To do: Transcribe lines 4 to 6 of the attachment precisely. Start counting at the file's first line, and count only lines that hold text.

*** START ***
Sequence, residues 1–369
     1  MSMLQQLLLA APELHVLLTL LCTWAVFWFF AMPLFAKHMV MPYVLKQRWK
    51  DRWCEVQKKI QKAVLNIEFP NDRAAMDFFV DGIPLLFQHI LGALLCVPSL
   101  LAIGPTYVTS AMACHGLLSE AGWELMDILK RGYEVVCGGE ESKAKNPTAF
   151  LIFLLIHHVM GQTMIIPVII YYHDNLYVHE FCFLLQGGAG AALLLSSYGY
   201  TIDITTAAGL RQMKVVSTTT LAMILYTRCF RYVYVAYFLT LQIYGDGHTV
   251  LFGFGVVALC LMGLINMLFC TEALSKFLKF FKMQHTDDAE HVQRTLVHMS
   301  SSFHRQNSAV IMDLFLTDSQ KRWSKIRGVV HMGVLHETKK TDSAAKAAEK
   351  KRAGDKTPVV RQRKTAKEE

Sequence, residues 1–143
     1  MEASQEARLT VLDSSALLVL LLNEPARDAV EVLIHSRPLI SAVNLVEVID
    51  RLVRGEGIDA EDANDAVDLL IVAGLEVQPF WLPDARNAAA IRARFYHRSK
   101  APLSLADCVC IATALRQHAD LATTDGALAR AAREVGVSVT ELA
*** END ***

   101  LAIGPTYVTS AMACHGLLSE AGWELMDILK RGYEVVCGGE ESKAKNPTAF
   151  LIFLLIHHVM GQTMIIPVII YYHDNLYVHE FCFLLQGGAG AALLLSSYGY
   201  TIDITTAAGL RQMKVVSTTT LAMILYTRCF RYVYVAYFLT LQIYGDGHTV